This week: Cultural HangupsEdited by: Annette
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Dear readers and writers of short stories,
The definition of the short story is sometimes attributed to Edgar Allan Poe.
Since there is short fiction available from all around the world, there should be more definitions than Poe's.
Edgar Allan Poe defined the short story as a work of fiction that is limited by three guiding rules.
First: A short story must be short enough that it can be read in one sitting. Instead of giving a word count, the idea is that you should be able to read a story in the amount of time it takes to smoke a cigar. That is about the right length for a short story. Please do not smoke when you read. It was okay in the 1880s, but we frown upon that now.
Second: The short story is ended by its climax. The short story ends when any additional information would now be redundant. For instance, a crime story ends when the reader finds out whodunit. A romance story ends when the couple pair up. A horror story ends when the monster is vanquished. Any additional information given to a reader, like what happens to the perpetrator is just no longer needed for a short story.
Third: The mood in the short story should stay the same. If you are telling as suspenseful story, do not start out with your main character slowly sipping a cup of coffee while watching the flaneurs parade past him. We don't have the time for this and it has nothing to do with suspense. If you are going to tell a suspenseful story, make sure your reader feels anxious from the first sentence on. Create the mood as early as possible and keep it.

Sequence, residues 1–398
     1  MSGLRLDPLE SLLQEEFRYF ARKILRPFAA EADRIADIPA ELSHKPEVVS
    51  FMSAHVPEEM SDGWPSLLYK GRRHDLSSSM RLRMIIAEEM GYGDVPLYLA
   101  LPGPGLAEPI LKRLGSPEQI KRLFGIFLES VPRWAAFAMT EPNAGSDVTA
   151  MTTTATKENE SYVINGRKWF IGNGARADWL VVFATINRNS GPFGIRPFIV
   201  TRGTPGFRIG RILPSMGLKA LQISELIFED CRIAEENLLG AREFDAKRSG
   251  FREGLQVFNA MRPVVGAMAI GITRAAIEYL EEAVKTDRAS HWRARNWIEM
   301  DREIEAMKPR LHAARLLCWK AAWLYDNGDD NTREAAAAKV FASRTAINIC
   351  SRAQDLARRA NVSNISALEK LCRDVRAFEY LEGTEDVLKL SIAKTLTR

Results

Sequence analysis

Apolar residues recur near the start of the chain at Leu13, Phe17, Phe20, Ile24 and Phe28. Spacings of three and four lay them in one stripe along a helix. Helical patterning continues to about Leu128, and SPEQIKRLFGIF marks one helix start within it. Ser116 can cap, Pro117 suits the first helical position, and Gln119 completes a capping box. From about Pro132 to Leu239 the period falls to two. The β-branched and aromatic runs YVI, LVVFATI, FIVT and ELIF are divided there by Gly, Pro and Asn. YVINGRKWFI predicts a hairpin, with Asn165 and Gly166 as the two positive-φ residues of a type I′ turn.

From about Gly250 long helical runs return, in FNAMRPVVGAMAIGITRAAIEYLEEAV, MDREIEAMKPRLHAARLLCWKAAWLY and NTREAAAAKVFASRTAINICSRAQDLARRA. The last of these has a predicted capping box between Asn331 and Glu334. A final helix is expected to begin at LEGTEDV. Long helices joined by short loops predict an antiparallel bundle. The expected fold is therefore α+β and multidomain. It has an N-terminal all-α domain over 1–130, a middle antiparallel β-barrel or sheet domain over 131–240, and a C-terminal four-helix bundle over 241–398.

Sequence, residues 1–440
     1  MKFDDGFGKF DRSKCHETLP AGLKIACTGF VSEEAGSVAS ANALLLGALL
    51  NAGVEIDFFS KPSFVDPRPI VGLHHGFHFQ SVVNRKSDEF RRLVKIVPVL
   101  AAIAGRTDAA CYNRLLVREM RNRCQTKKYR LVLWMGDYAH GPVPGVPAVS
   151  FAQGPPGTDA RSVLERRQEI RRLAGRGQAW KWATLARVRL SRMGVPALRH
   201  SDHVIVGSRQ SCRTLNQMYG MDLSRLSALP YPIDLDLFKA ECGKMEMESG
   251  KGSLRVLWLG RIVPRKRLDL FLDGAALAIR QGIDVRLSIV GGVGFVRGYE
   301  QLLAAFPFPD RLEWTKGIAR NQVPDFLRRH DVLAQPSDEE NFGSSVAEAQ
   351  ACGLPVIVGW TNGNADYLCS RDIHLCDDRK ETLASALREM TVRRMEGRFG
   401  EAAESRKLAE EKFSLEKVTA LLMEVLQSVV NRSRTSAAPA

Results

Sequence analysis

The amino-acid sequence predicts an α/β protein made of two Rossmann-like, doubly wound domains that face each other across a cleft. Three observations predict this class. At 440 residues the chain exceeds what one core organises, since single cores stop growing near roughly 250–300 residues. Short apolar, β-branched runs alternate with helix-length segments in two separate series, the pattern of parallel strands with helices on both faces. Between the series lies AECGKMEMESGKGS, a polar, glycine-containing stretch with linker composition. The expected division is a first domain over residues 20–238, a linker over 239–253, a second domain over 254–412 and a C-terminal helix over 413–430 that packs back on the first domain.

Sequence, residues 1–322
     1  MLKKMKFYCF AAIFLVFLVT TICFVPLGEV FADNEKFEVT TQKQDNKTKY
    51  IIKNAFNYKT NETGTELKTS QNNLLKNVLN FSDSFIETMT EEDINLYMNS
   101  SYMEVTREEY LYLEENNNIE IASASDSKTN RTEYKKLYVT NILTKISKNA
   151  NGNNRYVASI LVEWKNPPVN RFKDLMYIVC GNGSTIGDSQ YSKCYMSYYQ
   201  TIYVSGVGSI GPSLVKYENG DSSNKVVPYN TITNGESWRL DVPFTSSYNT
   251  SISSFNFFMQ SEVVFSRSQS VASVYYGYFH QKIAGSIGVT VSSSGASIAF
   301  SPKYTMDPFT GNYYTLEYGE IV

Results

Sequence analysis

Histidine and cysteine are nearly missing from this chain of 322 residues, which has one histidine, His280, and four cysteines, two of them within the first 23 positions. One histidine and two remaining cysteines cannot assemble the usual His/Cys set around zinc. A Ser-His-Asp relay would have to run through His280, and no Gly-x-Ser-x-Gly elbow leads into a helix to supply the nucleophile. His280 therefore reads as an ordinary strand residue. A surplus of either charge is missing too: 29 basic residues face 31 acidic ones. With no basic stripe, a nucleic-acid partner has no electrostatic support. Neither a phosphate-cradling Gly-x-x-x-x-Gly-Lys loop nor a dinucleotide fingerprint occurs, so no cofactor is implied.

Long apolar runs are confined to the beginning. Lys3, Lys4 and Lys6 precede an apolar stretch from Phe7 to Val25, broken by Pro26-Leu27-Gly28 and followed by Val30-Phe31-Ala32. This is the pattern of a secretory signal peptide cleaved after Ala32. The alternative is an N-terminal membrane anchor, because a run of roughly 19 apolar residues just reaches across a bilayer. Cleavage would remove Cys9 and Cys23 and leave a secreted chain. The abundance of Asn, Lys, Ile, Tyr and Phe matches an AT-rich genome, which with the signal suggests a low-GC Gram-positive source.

The above rules for short stories are not only those that Edgar Allan Poe prescribes, they also fit into the Western hero's journey as observed by Joseph Campbell. While Campbell's hero's journey is broad enough and can thus be used to describe many stories, it is not the only way to tell a story.
We hear a lot about those tales that fit into the neat hero's journey format because they are easy to use in film and TV. There are many that do not follow that format. In some cultures, it's not very interesting what one hero does. The story is more interested in telling how a community reacted to something. There are thousands and thousands of stories that exist because something had to be explained. If you look at Native American folktales, the stories are told to explain the world. If you read the collected fairy tales by the Brothers Grimm, you will find some that are an observation or warning about behaviors.
Some audiences outside of North America do not enjoy Hollywood's fixation on the hero's journey. Whether you read short stories from other cultures or you watch movies from around the world, you will find that there are many ways to define the short story.
Do you dare challenge the established "hero's journey" in your short stories?
Let me know in the Comments Box below my Editor's Picks.
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Replies to the question "Do you think the first word of a story is important?" asked in "First Word" :
JCosmos wrote: yes first words matter a lot. i have so many examples in mind. Equally valid for novels and poems i think.
I agree that poetry should definitely have a first word that is meaningful to the overall piece. Novels might have a little leeway, but, again, a strong first word that sets the stage can't hurt.
Elfin Dragon - contest hunting wrote: I do think the first word (or words) of a story are very important. It sets the tone of a story for the reader. It can draw your reader into the story or even make your reader less likely to continue reading it.
At least the first few words for sure. The actual first word is like the top of the pops in relevance, but the first few words can work together.
W.D.Wilcox wrote: Great newsletter topic!
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